Why our brains may be 100 times more powerful than believed

Why our brains may be 100 times more powerful than believed
The dendrites in our brain have been underestimated for 60 years says a new study
The dendrites in our brain have been underestimated for 60 years says a new study
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A neuron with the dendrites shown in green
A neuron with the dendrites shown in green
The dendrites in our brain have been underestimated for 60 years says a new study
The dendrites in our brain have been underestimated for 60 years says a new study

A new study out of the University of California Los Angeles (UCLA) has found that one part of the neurons in our brains is more active than previously revealed. The finding implies that our brains are both analog and digital computers and could lead to better ways to treat neurological disorders.

The focus of the study was the dendrites, long branch-like structures that attach to a roundish body called the soma to form neurons. It was previously believed that dendrites were nothing more than conduits that sent spikes of electrical activity generated in the soma to other neurons. But the study has shown that the dendrites themselves are highly active, sending spikes of their own at a rate 10 times that previously believed.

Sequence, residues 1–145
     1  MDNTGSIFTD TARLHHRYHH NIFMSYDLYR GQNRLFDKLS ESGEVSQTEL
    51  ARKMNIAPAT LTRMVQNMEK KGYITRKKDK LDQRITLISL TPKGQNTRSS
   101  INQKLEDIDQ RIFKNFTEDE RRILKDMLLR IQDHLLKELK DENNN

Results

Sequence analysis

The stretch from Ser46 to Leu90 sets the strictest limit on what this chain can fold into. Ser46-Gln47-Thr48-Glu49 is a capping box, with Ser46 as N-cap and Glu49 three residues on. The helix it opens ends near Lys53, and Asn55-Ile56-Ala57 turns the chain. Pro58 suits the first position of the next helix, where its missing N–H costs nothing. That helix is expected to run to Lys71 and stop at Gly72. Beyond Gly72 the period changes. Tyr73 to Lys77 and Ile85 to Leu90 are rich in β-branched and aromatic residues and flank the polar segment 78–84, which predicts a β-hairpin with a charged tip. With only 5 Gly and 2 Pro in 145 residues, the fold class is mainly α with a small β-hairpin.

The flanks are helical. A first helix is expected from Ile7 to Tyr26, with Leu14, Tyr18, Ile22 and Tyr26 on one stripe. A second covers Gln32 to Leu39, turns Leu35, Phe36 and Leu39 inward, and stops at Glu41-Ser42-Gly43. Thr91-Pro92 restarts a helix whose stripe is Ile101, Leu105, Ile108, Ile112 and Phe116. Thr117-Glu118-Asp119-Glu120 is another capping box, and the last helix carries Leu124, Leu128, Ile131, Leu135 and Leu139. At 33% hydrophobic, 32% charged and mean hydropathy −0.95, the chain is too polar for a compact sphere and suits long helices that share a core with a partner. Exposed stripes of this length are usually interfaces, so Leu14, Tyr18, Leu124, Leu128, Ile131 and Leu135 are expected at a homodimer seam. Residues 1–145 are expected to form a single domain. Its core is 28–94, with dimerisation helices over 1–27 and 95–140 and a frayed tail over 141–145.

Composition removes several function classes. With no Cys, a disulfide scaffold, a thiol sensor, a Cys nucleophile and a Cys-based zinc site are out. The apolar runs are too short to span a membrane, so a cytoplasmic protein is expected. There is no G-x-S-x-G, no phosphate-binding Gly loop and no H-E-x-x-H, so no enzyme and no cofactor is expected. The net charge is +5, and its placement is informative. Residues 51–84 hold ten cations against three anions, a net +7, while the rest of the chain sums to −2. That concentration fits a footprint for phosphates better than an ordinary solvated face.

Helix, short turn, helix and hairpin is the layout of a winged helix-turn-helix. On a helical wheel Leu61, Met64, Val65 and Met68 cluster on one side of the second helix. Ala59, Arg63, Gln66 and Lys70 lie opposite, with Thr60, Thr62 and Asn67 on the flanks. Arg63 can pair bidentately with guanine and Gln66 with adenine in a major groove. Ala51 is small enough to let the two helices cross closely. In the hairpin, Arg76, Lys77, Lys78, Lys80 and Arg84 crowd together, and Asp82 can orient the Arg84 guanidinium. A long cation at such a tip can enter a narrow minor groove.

The finding runs counter to the long-held belief that somatic spikes were the main way we learn and form memories and perceptions.

"Dendrites make up more than 90 percent of neural tissue," said UCLA neurophysicist Mayank Mehta, the study's senior author. "Knowing they are much more active than the soma fundamentally changes the nature of our understanding of how the brain computes information. It may pave the way for understanding and treating neurological disorders, and for developing brain-like computers."

The researchers also found that unlike the spikes of electrical activity generated by the somas, the dendrites could put out longer-lasting voltages that in their sum total were actually more powerful than the somatic spikes. They say the spikes are like digital computing in that they are all-or-nothing events, while the dendritic flows are akin to analog computing.

"We found that dendrites are hybrids that do both analog and digital computations, which are therefore fundamentally different from purely digital computers, but somewhat similar to quantum computers that are analog," said Mehta. "A fundamental belief in neuroscience has been that neurons are digital devices. They either generate a spike or not. These results show that the dendrites do not behave purely like a digital device. Dendrites do generate digital, all-or-none spikes, but they also show large analog fluctuations that are not all or none. This is a major departure from what neuroscientists have believed for about 60 years."

Mehta adds that the fact that dendrites are about 100 times larger in volume than somas, it's possible that our brains have 100 times more capacity to compute information than previously believed.

A neuron with the dendrites shown in green
A neuron with the dendrites shown in green

In making their discovery, the UCLA team was able to implant electrodes in the brains of rats that went next to dendrites. This was a departure from previous work where the sensors went straight into the dendrites, killing them and making their activity impossible to measure. They found that the dendrites were five times more active than the somas when the rats were sleeping, and 10 times more active when they were awake and moving about.

The discovery shows that learning likely takes place with more flexibility than previously believed.